Thursday, 14 April 2016

Space Dogs!

 I'm feeling anxious about my new drawing, I'm not convinced that I've grasped the whole shape of the tree in the picture yet, and am certain that I've bitten off far more than I can chew at portraying the millions of tiny blossom and the gauze of twiglets veiling the tree as if the tree is dancing in a veil of twigs and branches.

But then again that was the very thing that attracted me to this subject.

Listening to something while I work helps me concentrate.  Today I've been listening to Black Rabbit Hall as an Ebook from One Click Digital.  I've got a free subscription to this wonderful service (I think it's wonderful anyway) via my library membership of Wolverhampton Libraries.  I believe that many library services are offering this service, another of the myriad reasons to support your local library service by joining up right now! 

That little pencil drawing at the bottom corner is an experimental ACEO.  I'd noticed that lots of people sell drawings inspired by celebrities or cult TV programmes, movies etc... and I had a quick go at starting one last night.  It doesn't look much like the person it's supposed to be though.  When I was a teenager I was good at catching a likeness but I seem to have lost the nack.

Last year a lady in Belgium bought my ACEO Walking The Dog In Space.  She is connected with a dogs charity and asked me if I would mind if she produced a small number of stamps for personal use using my design.  I said okay and today these came through the post.  I think they look really nice and they've really brightened my day.  I love the Belgian postage stamps as well!

Monday, 11 April 2016

Seeing the trees for the trees

I have almost finished my grafitti wall drawing.  I'm still not pleased with the rendering of the trees in the middle distance but happiest with the rooftops in the far distance.  I've got a little more work to do on this and will work in smaller bursts over the next few days, hopefully finishing it by the end of the week.

I've started a new drawing.  But I've not printed off my source material this time, I'm working directly from my photo on my tablet.  This has pros and cons.  One pro is that I can pinch into detail on the photo and indulge my obsessive delight in rendering an endless mess of detail into infinitum.  One con is that I can pinch into detail on the photo and indulge in my obsessive delight in rendering an endless mess of detail into infinitum.

An article in Arists & Illustrators last year mentioned that one of the drawbacks of working from photo's is that it tempts you (perhaps hypnotises would say it better) into rendering more than you would attempt to do if you are sitting directly in front of the subject.  This is true.  Sat infront of this riverside tree with all those tiny white buds just on the verge of bursting into life I would never have been so mesmerised by the detail into actually attempting to render it.  It's easy to get sidetracked into copying rather than capturing what it is about a thing that drew you to render it in whatever medium.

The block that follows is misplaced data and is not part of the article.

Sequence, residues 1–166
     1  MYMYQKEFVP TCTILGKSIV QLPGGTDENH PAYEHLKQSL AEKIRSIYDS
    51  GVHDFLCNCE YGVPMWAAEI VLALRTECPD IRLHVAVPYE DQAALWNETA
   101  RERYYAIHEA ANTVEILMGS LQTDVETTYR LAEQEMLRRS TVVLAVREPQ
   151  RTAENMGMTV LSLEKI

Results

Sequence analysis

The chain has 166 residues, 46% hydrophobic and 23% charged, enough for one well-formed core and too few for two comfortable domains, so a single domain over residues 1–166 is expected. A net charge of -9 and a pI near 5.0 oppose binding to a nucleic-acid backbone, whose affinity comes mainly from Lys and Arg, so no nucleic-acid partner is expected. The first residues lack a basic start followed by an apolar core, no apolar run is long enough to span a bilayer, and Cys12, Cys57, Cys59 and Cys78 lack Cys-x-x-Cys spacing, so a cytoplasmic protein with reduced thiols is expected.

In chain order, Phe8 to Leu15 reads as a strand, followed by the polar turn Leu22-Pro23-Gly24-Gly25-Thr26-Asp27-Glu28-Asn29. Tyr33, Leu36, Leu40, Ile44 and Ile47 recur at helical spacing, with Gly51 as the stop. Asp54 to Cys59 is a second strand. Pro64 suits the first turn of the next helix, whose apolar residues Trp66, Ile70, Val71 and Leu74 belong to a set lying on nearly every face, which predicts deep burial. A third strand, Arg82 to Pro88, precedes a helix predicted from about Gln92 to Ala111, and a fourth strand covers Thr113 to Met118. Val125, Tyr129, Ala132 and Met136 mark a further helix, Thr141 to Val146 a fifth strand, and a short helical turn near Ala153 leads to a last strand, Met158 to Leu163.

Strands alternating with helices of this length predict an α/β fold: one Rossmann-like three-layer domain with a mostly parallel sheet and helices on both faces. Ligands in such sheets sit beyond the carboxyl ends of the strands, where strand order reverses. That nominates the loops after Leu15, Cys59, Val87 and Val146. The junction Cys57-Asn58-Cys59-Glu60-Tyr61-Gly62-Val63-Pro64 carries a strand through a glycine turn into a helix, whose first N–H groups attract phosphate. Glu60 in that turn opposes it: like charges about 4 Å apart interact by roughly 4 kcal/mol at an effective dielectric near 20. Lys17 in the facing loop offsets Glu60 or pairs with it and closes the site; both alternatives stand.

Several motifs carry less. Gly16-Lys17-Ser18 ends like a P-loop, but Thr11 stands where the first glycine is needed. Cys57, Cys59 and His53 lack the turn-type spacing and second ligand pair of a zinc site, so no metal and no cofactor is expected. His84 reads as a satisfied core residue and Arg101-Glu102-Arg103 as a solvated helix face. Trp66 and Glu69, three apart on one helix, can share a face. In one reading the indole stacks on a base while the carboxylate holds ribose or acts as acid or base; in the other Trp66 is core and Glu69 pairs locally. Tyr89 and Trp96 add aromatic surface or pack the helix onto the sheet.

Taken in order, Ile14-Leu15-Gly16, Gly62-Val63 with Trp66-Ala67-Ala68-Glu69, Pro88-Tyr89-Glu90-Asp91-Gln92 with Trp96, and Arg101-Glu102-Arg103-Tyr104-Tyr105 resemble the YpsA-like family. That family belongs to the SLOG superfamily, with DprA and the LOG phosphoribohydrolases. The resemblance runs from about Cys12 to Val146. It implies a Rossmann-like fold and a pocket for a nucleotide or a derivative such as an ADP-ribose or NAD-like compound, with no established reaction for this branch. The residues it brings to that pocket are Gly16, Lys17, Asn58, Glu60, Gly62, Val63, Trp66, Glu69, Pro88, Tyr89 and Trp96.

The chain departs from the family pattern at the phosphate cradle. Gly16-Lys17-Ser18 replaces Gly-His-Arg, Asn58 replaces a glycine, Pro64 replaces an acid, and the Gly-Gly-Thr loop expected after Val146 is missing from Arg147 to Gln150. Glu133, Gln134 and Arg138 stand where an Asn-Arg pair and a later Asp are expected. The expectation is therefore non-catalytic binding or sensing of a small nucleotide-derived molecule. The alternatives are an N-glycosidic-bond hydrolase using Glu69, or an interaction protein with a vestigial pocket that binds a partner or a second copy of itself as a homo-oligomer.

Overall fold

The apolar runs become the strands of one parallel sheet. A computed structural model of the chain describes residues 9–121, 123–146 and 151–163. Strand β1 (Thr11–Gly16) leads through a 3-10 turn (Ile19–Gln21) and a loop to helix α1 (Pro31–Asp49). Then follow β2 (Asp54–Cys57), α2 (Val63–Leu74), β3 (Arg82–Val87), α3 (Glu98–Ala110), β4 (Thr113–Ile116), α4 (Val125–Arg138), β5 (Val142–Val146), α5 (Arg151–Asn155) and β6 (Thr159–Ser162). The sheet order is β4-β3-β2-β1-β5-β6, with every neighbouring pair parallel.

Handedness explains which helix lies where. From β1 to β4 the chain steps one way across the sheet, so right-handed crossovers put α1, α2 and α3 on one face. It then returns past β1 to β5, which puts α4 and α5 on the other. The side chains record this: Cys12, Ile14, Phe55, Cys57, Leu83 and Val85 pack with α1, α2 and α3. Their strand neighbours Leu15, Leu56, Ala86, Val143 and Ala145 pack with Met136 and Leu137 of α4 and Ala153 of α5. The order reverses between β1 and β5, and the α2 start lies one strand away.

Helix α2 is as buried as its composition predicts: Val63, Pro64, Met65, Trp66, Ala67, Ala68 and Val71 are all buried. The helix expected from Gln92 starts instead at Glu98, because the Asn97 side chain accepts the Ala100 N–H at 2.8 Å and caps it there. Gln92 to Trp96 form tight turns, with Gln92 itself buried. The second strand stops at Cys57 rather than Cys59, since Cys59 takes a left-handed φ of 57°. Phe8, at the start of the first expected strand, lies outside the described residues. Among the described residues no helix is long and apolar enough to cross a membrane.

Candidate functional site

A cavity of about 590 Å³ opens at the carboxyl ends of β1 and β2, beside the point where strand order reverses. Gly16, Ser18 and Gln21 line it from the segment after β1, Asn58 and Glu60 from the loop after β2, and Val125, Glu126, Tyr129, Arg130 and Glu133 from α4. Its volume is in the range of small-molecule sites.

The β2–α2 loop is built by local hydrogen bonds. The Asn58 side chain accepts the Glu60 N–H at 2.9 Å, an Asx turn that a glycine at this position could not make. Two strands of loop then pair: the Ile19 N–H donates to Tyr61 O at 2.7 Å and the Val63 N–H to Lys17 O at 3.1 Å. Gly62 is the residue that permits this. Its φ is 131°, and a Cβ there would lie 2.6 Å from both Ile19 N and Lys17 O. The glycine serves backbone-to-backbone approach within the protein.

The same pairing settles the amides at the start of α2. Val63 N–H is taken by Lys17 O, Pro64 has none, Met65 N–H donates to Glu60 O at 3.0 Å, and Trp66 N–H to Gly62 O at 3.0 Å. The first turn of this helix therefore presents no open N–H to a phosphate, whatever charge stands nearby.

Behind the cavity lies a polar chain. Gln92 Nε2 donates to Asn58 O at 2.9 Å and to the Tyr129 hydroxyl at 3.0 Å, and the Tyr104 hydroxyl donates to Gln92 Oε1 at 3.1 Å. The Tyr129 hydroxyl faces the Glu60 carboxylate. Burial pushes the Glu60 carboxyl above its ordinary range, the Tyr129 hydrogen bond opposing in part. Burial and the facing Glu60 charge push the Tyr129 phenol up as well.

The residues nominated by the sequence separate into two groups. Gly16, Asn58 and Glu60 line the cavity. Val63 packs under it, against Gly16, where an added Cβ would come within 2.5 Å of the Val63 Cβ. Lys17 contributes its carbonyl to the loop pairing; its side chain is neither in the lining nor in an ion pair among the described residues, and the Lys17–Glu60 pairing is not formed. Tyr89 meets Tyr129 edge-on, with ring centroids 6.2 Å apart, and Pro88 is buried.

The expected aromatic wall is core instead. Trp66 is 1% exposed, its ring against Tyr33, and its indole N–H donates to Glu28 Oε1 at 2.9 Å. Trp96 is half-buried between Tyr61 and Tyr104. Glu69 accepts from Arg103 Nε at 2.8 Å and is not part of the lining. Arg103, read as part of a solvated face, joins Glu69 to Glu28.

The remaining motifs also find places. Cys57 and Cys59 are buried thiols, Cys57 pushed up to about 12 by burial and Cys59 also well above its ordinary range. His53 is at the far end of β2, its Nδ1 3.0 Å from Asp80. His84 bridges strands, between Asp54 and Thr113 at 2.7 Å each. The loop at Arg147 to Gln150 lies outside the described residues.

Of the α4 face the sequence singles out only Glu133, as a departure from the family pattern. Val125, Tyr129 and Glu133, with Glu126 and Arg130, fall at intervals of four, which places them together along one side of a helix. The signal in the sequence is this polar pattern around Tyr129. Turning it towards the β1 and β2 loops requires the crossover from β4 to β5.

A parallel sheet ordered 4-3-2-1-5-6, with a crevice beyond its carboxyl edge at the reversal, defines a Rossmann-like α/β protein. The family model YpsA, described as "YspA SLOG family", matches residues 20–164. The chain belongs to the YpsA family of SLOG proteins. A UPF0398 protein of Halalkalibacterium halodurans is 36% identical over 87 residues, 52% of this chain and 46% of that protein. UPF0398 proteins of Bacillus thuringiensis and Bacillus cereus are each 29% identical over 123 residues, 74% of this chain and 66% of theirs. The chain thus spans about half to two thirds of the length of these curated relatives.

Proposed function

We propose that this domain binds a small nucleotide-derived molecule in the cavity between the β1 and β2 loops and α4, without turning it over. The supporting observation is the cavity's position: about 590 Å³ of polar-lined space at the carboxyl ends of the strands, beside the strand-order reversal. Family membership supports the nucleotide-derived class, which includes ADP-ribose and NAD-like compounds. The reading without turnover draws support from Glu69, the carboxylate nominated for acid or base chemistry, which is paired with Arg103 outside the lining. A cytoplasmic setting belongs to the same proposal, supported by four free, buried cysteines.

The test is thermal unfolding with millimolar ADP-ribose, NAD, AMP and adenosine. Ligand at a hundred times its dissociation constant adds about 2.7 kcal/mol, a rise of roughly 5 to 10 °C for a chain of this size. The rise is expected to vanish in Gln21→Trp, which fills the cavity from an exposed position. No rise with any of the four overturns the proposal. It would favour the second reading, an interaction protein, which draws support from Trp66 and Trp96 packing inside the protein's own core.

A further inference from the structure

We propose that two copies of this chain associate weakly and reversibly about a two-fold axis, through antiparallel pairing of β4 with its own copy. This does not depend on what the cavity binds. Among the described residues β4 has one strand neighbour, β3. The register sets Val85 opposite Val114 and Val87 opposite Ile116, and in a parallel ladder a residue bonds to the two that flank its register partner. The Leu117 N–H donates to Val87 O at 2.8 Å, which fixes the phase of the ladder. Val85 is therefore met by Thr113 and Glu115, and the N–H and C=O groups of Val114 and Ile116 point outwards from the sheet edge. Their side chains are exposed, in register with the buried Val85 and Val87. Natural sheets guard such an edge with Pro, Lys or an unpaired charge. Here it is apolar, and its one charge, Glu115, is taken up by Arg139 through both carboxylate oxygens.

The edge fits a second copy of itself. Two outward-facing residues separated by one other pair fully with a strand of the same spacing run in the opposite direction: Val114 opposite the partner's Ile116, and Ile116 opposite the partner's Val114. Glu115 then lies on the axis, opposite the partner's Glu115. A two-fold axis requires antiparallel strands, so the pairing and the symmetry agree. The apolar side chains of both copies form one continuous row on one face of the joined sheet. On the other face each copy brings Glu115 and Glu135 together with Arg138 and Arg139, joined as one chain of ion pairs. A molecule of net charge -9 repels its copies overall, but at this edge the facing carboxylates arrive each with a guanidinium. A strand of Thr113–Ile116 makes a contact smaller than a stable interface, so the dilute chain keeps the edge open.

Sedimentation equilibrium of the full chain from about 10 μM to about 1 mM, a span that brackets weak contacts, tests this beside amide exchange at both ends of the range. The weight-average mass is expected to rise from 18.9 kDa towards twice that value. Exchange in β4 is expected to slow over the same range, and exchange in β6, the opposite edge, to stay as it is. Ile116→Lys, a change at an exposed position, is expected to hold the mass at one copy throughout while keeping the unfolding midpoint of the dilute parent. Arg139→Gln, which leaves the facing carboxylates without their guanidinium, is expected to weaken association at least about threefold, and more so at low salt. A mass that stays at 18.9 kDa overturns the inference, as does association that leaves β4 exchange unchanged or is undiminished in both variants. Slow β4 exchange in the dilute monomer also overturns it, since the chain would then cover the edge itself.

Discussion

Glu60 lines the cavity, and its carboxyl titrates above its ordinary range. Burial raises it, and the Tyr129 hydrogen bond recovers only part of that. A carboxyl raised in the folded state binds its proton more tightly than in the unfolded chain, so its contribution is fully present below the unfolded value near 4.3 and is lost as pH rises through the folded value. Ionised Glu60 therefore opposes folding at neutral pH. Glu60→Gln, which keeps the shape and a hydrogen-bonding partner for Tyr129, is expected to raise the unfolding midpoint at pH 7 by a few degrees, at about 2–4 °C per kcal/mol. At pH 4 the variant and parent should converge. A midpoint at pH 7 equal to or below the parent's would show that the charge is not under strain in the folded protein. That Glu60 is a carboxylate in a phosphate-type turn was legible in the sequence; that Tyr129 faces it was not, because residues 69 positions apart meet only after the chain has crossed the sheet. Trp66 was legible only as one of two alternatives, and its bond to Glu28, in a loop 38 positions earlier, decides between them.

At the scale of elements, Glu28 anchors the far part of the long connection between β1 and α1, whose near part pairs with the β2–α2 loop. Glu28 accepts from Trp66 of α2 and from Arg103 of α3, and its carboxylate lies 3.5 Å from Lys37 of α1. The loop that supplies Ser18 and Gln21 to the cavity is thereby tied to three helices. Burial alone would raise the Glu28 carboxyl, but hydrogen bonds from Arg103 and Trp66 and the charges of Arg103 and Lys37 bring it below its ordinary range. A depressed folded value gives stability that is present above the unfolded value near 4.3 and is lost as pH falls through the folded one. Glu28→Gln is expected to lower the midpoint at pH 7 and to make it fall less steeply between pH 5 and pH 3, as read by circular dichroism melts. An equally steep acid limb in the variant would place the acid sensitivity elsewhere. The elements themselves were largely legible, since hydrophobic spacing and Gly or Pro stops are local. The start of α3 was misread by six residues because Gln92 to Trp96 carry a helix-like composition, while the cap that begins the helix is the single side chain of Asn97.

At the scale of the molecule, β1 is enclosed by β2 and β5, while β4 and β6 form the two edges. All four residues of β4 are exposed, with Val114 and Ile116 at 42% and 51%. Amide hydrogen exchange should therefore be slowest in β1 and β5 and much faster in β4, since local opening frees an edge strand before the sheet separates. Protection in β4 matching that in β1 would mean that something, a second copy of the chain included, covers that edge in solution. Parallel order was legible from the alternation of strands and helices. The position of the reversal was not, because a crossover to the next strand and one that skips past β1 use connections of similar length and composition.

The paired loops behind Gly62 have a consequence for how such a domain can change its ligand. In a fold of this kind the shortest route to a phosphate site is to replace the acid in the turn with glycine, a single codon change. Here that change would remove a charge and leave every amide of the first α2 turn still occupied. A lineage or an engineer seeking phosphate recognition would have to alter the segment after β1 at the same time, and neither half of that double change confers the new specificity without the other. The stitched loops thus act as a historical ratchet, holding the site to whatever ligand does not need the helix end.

Too much detail = too little magic.  

I ordered some new nibs last week as my stock is running low (due to my habit of accidentally banging them into jars or dropping them when I'm tired).  I ordered some of my favourite Gillott 290 and also the fine Gillott 1290.  When it came I was alarmed as the tip of the nib is turned up and, to my eye, slightly splayed. When I contacted the supplier I was told that the nib is designed to be turned up at the tip.  I have been using it in my new drawing to render the tangle of fine branches at the bottom left of the picture, but I remain to be convinced that this is the shape this nib is intended to be.  The results are scratchy and not as fine as I expected.  I'll give it another try later and see how it progresses.

Tuesday, 5 April 2016

It's in the trees

I failed to meet my self-imposed deadline last week, to finish my new pen and ink drawing within a few days.  Which was probably the best outcome for me, in some ways.  I realised that the beauty and the appeal of pen and ink for me is to loose myself in the making of marks, the rendering of texture, chairescuro and solidity through intense mark making.

It does my eyes in.  It kills my back.  It's a pain in so many ways, but the obsessive nature of the process is the main point of my pen and ink drawing.  (Probably because it is a large part of my own personality)

It's not a speedy process.  It can be extremely frustrating.  It can depress the hell out of me. 

But it's as much as part of pen and ink for me as the paper and the ink itself.  And the steel of the nib.

So here is my slower progress for week 2 of my challenge.

I will still finish the piece in a sprint rather than my many previous marathons but the speed of progress is not the purpose of the piece this time.  Rather it is a product of shorter intense bursts of effort.

Short bursts which are necessary because my eyes and my body are not as young as they used to be!!!

I rather enjoyed rendering the rooftops and attempting to solve the puzzle of how do you render the miasma of tiny twigs and branches that fuzz the air between the viewer and those rooftops? 

I do not have the technical ability to render every single branch, so I have to find a way of suggesting the effect of seeing the roftops through those trees.  Areas right at the top of the picture (which is what I have been working on this morning) I am quite pleased with.  But it's not a problem solved entirely.  Far from it.

Another problem Is the foreground.  I've messed up the light/dark contrast of the foreground trees (the middle ground of the drawing).  I've given into my old weakness of trying to render too much.  Those dead leaves (or whatever they are) hanging from the branches like limp seed pods.  They are proving a real nuisance to render.

I hope I don't ruin the whole picture by messing up that area of it.